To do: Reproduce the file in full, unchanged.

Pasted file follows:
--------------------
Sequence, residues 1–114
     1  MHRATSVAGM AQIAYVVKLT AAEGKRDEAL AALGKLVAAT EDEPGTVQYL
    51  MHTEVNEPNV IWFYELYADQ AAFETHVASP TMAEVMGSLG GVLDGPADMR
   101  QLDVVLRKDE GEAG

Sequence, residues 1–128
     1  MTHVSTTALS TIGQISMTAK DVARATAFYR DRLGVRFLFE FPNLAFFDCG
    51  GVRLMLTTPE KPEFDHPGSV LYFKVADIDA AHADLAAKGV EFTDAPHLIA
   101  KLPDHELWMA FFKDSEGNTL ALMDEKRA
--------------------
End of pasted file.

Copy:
Sequence, residues 1–114
     1  MHRATSVAGM AQIAYVVKLT AAEGKRDEAL AALGKLVAAT EDEPGTVQYL
    51  MHTEVNEPNV IWFYELYADQ AAFETHVASP TMAEVMGSLG GVLDGPADMR
   101  QLDVVLRKDE GEAG

Sequence, residues 1–128
     1  MTHVSTTALS TIGQISMTAK DVARATAFYR DRLGVRFLFE FPNLAFFDCG
    51  GVRLMLTTPE KPEFDHPGSV LYFKVADIDA AHADLAAKGV EFTDAPHLIA
   101  KLPDHELWMA FFKDSEGNTL ALMDEKRA